Internet Is Primary Resource for Job Seekers Worldwide

By Roy Maurer Jan 14, 2016
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Among the nearly 20 percent of the world’s workforce who change jobs each year, over half use the Internet to look for employment. One-third of these job changers rated Internet job sites as most effective for finding positions, according to a report from The Boston Consulting Group (BCG) and Recruit Works Institute.

The findings in Job Seeker Trends 2015: Channels, Search Time, and Income Change underscore the transformation that the Internet has brought to the job search process globally.

BCG and Recruit Works Institute surveyed more than 13,000 job seekers from 13 countries whose populations represent 59 percent of the roughly 3 billion people employed worldwide, about their 2014 job search experience. Countries represented in the survey were Australia, Brazil, Canada, China, France, Germany, India, Italy, Japan, Russia, South Africa, the U.K. and the U.S.

“The Internet changes everything, and it has changed few activities more profoundly than it has the search for employment,” said Kazumasa Sakurai, a BCG partner and managing director and a co-author of the report. “Job seekers 30 or 40 years ago were largely limited to paper media such as newspapers and magazines and to introductions from family and friends. Today, the process is more standardized globally, and most people are able to collect job information and search for opportunities casually and efficiently.”

About 55 percent of survey respondents looked for new jobs online, compared with 36 percent who searched through paper media like newspaper ads, 33 percent who relied on referrals, 24 percent who inquired directly with a prospective employer, 20 percent who used public services and 17 percent who went through employment agencies. About 40 percent of global job seekers used only one channel in their search, and about 25 percent used two.

“One of the key capabilities that differentiates the Internet channel from referrals from family or friends is the Internet’s ability to process a much higher volume of applications,” Sakurai said. He believes that key difference will drive the continued growth of online job searching in the future.

Job searching via the Internet was chosen as the most effective source for finding a new job by one-third of all respondents. The second most effective way to find a new job was referrals (chosen by 19 percent of respondents). In contrast, only 10 percent of respondents thought newspaper ads were the most effective source.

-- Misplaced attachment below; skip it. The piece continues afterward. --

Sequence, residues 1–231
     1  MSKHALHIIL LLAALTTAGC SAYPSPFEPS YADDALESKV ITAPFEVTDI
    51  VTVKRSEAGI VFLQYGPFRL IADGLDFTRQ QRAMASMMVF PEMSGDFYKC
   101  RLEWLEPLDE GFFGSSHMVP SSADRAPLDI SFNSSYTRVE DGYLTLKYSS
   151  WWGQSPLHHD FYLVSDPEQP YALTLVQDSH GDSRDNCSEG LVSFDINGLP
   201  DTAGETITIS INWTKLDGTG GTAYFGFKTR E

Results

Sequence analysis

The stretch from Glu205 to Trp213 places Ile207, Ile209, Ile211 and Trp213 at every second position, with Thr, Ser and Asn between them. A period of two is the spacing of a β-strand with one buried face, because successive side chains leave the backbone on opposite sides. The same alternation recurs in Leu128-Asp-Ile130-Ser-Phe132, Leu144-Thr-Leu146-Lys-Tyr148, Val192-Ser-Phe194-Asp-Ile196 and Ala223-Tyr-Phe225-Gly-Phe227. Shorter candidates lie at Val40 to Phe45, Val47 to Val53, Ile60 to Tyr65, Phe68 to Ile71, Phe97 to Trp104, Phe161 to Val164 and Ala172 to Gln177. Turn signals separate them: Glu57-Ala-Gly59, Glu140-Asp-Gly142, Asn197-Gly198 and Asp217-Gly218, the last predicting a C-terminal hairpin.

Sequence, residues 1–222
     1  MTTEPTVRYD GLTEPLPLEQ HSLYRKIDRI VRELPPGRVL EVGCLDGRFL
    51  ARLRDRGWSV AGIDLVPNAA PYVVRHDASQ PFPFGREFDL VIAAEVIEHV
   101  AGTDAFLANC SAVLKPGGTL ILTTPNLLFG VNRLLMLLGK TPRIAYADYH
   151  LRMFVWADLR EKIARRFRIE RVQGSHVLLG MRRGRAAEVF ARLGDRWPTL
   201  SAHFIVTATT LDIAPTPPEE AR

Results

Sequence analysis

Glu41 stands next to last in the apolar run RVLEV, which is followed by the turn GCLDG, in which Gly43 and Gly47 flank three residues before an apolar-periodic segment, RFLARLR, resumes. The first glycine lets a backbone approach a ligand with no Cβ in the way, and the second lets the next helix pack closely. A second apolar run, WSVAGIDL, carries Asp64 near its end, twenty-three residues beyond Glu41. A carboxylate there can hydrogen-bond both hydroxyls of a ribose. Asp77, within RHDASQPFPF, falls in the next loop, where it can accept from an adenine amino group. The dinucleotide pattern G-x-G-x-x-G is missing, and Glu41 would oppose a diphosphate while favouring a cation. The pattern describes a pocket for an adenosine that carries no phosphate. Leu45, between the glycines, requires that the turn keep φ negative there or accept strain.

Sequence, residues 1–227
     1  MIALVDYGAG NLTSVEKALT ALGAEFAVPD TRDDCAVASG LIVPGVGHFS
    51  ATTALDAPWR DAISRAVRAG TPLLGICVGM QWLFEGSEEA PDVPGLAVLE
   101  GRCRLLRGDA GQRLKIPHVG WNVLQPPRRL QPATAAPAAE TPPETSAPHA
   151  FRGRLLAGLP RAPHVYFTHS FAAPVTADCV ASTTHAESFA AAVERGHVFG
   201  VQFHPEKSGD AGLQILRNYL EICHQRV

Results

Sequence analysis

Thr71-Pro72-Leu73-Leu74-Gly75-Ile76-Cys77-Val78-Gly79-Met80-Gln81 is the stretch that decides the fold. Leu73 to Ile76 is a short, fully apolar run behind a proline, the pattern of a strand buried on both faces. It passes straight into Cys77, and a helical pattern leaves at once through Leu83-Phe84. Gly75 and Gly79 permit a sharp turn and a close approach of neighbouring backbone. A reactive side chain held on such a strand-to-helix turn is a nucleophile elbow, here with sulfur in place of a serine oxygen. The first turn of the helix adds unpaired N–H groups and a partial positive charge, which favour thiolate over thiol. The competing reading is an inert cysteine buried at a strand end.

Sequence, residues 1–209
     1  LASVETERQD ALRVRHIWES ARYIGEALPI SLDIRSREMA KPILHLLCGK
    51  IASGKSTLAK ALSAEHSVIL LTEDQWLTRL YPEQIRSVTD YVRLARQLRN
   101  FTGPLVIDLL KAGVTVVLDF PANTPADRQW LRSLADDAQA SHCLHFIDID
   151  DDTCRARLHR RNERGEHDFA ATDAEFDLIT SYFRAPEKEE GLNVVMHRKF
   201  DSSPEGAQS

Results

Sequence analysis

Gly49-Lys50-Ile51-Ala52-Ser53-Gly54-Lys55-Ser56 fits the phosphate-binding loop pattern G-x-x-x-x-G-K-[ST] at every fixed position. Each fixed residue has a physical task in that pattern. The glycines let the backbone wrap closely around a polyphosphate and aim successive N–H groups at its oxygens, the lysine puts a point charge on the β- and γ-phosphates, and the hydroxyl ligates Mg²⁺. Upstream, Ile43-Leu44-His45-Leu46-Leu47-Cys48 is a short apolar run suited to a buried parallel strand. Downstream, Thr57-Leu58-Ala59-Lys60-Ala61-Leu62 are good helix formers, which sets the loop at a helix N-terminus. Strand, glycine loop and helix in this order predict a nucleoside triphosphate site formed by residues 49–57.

There were a few significant national differences. Internet job sites generally ranked as the most effective channel in all countries represented except India. There, only 8 percent of respondents cited job sites as the most effective; 70 percent cited referrals from family or friends as the best option. Countries where online job sites were ranked highest in effectiveness were the U.K. (52 percent), Russia (48 percent) and Germany (46 percent). In Japan, government-run job services (24 percent) was nearly tied with Internet job sites (25 percent) as the most effective channel.

A little over one-third (35 percent) of U.S. respondents ranked Internet job sites as the most effective, whereas a relatively high 20 percent ranked contacting the employer directly as the most effective avenue.

The survey found that the two most effective channels—Internet job sites and referrals—appeal to different demographics. The average Internet job site user is more educated and younger than the average job seeker, whereas the average referral user is less educated and older than other job seekers, according to the report.

“Successful employers will adopt strategies specific to each [channel],” Sakurai said. “Companies can leverage the speed, ease and convenience of job sites to draw applicants and build traffic. Companies can tap the referral channel by implementing formal programs, such as cash awards for employees who facilitate successful hires.”

Job Search Taking Longer

The report’s authors concluded that the growing popularity of online job searching is due to the ability to apply to more jobs more quickly as well as the proliferation of mobile devices.

“In many developing countries, smartphones and increasingly tablets are the most widely used devices for connecting to the Internet,” Sakurai said. Companies recruiting in those regions will have to tailor their talent acquisition approach to mobile device users.

But the report found that it took people who applied online longer to get a job than if they applied through other means, such as contacting the employer directly or getting a personal referral.

Globally, it took job seekers about three more weeks to land a gig via the Internet vs. contacting the company directly, and six more weeks to get a job through online search vs. a referral. It took an average of about 15 applications to different employers to get a job through an online job site, vs. 10 for those who applied directly to the company and six for those who were referred.

“A recruiter doesn’t care if the application comes through a job site or direct to the [employer’s] website. A strong candidate will get through either way,” said Paul Wolfe, senior vice president of human resources at Indeed, the world’s largest job search engine. “While referrals can be valuable, I still value the candidate’s experience and their fit more than anything else. An online job site search is not the endgame, but rather a portal to find the best match between employers and employees.”

Roy Maurer is an online editor/manager for SHRM.

Follow him @SHRMRoy

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